Currier & Ives "The Irrepressible Conflict" or the Republican Barge in Danger
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Published by Currier & Ives at 152 Nassau Street, New York. Cartoon making reference to the so-called "Irrepressible Conflict" speech given by New York Senator William Seward at Rochester, New York on 25 October 1858. This speech ignited a firestorm of criticism and probably cost Seward the presidency. The cartoon reflects the considerable bitterness among New York Republicans at the party's surprising failure to nominate Seward for president at its May 1860 national convention. The print was probably issued soon after the convention's nomination of Abraham Lincoln. The "Republican Barge" tosses on a stormy sea, precariously close to a rocky shore, with Lincoln (far left) at the rudder. "I'll take the helm. I've steered a 'flat' boat before," says Lincoln. Also in the barge are (left to right) "New York Tribune" editor and powerful Lincoln supporter Horace Greeley, Missourian and Lincoln's future Attorney General Edward Bates, an unidentified man, and former "Washington Globe" editor and influential Jacksonian Democrat Francis Preston Blair. In the bow sits "New York Courier" editor James Watson Webb, who warns, "Breakers ahead!!" Depicts a black man wearing a "Discords Patent Life Preserver" on board saying "If de boat and all hands sink, dis Nigger sure to swim, Yah! Yah!" The man on shore says "You wont save your crazy old craft by throwing your pilot overboard; better heave that tarnal Nigger out."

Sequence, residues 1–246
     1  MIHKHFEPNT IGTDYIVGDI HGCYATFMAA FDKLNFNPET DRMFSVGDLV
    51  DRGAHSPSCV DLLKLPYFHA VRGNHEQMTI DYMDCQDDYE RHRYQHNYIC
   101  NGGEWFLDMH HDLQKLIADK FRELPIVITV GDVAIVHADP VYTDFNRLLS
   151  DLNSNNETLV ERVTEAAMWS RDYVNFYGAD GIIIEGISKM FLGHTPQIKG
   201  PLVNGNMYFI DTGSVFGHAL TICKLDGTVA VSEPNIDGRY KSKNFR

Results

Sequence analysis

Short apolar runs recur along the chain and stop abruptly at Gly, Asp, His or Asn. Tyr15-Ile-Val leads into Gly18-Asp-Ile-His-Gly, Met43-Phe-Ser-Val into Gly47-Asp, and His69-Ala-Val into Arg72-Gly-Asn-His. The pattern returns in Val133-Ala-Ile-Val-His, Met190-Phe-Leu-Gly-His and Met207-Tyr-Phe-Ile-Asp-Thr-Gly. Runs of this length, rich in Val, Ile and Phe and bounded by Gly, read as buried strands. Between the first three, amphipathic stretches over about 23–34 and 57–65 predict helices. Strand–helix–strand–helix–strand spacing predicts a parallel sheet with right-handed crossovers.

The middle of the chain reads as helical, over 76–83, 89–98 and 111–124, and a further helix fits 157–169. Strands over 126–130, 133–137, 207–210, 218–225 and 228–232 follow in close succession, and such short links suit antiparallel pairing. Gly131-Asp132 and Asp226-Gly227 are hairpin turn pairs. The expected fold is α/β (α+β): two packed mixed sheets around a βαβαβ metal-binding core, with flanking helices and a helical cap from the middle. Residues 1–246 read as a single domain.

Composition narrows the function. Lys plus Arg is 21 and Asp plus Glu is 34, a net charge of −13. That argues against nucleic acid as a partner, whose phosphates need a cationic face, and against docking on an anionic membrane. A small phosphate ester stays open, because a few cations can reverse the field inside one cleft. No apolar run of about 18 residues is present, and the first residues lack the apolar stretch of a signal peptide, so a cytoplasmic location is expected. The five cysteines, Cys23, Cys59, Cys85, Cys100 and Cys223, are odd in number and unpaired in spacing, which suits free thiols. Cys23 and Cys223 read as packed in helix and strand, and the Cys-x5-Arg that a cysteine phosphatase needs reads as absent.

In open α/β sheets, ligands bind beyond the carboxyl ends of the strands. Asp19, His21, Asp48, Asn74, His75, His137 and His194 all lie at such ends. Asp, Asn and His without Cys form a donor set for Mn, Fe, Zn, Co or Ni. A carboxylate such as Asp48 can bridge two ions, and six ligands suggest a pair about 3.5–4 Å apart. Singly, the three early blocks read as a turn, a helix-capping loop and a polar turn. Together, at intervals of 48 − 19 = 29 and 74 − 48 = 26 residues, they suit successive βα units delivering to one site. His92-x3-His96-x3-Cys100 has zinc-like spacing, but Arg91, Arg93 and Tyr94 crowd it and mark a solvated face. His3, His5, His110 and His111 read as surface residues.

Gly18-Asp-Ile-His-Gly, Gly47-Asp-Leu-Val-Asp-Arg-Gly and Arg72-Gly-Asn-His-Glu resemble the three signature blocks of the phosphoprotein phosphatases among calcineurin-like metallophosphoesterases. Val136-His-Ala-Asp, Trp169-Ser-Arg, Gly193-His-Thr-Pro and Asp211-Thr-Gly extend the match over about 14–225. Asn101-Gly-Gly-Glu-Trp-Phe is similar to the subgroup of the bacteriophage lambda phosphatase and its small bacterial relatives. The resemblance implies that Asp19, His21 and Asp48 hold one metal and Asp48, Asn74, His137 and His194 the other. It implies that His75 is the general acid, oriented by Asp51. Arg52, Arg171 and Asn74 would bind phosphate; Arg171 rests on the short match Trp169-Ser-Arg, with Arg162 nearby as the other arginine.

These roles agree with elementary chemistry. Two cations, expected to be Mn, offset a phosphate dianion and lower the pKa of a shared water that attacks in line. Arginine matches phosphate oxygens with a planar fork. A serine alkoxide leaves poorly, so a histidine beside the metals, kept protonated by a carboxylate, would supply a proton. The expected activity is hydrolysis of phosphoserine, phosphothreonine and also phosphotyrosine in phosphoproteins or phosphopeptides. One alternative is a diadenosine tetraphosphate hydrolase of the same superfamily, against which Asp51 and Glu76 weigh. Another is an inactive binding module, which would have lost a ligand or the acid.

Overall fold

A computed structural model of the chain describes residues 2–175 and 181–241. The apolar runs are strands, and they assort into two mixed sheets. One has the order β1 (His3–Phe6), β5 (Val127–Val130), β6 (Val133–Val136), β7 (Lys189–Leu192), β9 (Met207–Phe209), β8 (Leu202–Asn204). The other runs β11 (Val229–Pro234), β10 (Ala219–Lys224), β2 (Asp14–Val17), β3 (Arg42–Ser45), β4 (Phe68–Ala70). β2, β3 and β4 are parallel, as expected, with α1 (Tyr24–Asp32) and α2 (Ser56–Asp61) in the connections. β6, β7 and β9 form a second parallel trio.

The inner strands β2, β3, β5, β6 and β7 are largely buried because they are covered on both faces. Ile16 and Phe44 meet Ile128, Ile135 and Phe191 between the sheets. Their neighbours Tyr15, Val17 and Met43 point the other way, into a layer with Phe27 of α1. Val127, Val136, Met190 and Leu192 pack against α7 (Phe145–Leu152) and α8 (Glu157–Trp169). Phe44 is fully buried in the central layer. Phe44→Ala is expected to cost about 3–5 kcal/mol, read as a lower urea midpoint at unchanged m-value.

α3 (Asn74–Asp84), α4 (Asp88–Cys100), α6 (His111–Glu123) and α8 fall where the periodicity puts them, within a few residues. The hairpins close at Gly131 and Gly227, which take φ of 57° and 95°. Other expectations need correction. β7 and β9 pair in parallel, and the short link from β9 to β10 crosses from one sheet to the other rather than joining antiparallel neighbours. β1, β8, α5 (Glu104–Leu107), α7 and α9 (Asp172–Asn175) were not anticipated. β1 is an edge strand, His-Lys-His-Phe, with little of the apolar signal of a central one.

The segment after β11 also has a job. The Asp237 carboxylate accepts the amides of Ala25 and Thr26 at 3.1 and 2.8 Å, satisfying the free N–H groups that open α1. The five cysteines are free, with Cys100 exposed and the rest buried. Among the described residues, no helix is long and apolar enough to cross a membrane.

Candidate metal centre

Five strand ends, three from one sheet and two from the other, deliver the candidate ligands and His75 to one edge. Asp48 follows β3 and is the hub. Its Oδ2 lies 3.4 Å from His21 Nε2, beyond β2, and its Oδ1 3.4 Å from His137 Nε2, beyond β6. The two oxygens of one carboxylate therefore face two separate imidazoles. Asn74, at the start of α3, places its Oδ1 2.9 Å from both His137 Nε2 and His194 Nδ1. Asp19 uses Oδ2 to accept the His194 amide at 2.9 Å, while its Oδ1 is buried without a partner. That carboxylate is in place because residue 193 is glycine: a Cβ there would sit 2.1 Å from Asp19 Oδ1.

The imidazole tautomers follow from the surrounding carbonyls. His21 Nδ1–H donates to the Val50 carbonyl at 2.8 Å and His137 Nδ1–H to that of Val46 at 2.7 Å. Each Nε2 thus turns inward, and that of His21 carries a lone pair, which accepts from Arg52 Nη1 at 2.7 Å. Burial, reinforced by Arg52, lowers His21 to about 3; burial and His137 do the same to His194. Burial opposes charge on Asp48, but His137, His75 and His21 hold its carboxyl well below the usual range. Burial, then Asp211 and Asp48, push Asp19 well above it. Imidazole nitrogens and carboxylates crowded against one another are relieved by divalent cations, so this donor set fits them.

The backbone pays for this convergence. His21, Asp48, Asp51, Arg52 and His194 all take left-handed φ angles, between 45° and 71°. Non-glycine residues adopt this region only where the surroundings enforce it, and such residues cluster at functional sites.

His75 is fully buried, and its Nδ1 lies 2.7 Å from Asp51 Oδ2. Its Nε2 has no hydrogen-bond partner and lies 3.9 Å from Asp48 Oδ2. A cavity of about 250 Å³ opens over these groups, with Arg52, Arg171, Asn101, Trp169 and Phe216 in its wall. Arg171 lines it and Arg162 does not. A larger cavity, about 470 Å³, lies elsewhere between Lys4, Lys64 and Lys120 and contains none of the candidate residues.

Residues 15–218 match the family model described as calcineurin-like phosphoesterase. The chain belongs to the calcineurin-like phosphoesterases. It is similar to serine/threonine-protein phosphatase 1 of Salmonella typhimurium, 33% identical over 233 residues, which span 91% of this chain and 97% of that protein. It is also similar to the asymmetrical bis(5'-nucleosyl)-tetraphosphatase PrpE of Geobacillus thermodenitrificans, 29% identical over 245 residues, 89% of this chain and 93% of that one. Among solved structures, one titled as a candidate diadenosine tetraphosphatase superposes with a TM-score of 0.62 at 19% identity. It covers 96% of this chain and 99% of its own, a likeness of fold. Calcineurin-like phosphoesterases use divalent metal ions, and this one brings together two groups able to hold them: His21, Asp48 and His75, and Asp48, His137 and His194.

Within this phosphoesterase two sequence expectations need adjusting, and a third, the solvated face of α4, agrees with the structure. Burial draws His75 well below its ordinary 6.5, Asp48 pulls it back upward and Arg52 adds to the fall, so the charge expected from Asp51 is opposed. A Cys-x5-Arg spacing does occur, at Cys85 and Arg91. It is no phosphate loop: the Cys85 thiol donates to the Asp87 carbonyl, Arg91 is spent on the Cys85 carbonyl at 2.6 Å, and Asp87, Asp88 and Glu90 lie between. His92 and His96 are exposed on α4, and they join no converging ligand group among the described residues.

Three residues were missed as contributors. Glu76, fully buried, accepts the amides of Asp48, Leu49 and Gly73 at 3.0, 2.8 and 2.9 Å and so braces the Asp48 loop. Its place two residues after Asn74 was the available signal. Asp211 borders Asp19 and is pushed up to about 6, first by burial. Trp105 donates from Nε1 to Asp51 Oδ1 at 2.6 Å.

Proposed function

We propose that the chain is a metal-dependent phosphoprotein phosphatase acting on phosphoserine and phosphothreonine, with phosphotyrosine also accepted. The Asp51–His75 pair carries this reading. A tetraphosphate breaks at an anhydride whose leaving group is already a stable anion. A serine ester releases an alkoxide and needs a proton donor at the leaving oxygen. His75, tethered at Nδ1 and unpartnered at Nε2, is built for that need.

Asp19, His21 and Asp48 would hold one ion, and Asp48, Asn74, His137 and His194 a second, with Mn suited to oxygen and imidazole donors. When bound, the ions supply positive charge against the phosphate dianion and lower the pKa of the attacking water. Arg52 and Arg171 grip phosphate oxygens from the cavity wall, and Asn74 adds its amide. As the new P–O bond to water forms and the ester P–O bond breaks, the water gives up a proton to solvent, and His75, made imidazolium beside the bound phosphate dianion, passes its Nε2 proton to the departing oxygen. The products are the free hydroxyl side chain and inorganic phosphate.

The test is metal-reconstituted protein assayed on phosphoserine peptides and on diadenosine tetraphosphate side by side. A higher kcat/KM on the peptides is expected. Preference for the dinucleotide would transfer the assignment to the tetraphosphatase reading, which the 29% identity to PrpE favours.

The pertinent quote of Seward's speech was: "It is an irrepressible conflict between opposing and enduring forces, and it means that the United States must and will, sooner or later, become either entirely a slaveholding nation, or entirely a free-labor nation."
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